Oxidative stress and free radicals

Monday 19 August 2013

As the word “stress” suggests, oxidative stress describes a negative condition, i.e. a metabolic situation where the concentration of reactive oxygen species – of free radicals – is extraordinary high.

Each and every of more than 10 billions of cells in the human body requires oxygen in order to produce energy in the mitochondria and to maintain active all functions of the body. But during energy production, harmful free radicals are also produced. Inside the body, about 1-3 % of the respiratory air are transformed into these short-life and extraordinary reactive oxygen molecules. If they occur in excessive quantities they are harmful to our body. But these molecules do also appear outside the human body, among others by environmental toxins, ozone and imbalanced nutrition.

A normal cell protects itself – by means of the so-called antioxidants – against the negative effects caused by free radicals. These antioxidants inhibit the radical chain reactions. In healthy, normal cells there is an equilibrium between free radicals and antioxidants. If this equilibrium is disturbed, if free radicals gain control, oxidative stress is talked about.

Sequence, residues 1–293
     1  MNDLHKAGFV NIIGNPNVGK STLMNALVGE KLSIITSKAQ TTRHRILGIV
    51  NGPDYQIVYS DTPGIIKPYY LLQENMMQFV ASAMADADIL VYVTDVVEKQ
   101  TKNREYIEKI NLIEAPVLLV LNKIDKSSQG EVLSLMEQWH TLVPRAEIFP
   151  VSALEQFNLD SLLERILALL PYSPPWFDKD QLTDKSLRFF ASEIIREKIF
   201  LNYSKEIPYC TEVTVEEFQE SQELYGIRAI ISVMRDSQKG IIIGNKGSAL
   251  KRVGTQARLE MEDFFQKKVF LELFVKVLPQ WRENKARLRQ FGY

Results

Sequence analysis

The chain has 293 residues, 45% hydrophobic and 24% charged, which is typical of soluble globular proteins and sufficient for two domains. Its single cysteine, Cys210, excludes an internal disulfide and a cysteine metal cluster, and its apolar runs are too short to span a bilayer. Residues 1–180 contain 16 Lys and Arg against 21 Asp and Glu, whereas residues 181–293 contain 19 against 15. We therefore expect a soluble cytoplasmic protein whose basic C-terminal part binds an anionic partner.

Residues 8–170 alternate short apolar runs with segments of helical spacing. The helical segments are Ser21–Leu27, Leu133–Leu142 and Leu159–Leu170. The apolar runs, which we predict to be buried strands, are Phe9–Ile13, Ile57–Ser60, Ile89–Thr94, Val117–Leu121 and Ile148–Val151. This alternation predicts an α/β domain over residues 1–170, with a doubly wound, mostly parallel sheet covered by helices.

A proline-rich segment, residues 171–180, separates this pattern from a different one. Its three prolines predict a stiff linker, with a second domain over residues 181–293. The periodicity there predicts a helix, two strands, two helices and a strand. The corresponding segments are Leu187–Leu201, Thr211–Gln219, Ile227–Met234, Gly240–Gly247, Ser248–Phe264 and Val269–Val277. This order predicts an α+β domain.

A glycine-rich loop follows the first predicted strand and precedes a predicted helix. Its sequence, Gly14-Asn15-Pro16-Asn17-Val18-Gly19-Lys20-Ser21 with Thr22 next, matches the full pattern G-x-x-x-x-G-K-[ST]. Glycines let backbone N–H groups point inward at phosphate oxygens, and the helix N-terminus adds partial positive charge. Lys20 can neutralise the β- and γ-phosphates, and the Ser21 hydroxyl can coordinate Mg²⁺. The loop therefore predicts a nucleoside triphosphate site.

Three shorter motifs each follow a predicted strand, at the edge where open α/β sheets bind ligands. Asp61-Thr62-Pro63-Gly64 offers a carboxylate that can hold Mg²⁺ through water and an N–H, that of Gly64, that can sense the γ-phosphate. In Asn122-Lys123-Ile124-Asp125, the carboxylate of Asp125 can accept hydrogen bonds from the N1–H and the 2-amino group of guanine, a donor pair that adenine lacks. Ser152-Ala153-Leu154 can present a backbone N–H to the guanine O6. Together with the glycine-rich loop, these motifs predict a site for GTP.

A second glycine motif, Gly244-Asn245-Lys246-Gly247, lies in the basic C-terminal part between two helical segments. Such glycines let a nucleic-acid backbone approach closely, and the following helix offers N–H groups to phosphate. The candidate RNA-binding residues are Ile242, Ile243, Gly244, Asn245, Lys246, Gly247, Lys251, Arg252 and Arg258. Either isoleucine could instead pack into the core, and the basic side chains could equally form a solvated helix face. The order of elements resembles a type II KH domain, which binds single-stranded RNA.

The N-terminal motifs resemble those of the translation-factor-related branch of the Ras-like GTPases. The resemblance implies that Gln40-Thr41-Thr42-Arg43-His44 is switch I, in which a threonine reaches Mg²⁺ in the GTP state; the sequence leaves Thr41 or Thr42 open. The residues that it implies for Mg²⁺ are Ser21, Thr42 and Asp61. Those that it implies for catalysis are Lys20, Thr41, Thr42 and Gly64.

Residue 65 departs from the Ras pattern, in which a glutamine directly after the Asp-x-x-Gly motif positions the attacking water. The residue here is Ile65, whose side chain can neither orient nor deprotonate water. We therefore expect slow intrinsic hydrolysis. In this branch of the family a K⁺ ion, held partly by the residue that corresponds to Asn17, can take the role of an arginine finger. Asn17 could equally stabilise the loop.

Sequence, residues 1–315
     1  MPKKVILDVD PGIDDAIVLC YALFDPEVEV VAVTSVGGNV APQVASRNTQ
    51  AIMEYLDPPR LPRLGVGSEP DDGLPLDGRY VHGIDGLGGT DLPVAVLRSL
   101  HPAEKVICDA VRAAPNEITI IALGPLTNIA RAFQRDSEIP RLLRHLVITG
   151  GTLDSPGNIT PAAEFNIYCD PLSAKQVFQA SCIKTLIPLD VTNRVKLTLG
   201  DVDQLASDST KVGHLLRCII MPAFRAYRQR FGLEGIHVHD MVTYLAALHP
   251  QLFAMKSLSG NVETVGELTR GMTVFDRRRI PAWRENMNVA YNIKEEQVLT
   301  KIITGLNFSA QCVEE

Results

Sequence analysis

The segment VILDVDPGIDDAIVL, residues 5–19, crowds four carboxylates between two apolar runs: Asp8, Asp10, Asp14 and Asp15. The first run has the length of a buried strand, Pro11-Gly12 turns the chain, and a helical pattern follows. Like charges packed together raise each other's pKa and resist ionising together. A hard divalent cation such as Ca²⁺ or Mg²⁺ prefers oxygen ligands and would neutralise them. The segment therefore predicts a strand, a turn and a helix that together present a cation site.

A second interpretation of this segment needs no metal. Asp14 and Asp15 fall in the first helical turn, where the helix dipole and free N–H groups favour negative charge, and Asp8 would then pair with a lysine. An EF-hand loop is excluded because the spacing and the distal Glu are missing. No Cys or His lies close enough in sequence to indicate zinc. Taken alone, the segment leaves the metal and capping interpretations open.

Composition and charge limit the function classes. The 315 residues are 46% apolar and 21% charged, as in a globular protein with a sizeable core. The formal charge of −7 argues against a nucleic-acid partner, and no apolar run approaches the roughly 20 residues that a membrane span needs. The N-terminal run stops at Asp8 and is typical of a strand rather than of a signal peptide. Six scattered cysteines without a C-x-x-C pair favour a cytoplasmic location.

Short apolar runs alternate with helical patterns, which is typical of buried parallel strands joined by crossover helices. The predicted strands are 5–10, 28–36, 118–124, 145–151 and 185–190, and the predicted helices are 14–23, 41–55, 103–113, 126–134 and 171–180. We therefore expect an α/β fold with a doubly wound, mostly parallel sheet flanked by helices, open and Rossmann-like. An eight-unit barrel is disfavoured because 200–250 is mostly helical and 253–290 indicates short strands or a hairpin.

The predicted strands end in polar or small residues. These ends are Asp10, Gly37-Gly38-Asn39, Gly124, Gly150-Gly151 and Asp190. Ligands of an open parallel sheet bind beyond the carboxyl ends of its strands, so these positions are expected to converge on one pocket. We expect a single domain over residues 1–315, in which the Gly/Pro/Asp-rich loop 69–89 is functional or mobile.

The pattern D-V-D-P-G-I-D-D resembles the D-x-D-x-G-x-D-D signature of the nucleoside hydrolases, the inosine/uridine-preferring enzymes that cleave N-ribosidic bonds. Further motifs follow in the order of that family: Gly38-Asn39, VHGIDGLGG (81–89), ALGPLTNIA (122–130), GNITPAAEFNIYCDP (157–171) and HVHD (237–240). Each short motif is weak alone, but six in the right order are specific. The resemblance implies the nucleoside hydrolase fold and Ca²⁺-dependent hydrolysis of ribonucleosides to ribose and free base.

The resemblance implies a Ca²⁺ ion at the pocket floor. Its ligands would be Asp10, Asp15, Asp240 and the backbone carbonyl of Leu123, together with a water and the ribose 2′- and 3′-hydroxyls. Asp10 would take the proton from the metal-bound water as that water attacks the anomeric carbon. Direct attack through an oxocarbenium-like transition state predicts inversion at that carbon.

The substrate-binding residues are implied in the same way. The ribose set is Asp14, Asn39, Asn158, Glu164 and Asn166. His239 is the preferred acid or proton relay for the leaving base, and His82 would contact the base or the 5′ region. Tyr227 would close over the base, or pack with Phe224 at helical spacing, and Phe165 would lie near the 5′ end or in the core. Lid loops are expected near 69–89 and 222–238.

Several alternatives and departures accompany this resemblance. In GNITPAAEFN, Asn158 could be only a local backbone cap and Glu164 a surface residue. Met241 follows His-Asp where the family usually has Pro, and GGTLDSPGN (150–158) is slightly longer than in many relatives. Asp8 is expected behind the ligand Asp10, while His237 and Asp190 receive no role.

The consequences of oxidative stress are manifold, from the damage of cell structures, by favoring the aging process and by their participation in the nascency of disease*.

In order to prevent oxidative stress and thus disease and premature aging, it is recommended to ingest important antioxidants, e.g. with nutrition, particularly by fresh fruit and vegetable.

* “From the perspective of the disturbed homeostasis (self-regulation) between the formation and neutralisation of radicals, practically all diseases can be defined as radical diseases.” (Prof. Böhles, Report by the German Medical Association [Deutscher Kassenarztverband], 1995)

Sources, all recalled July 4, 2012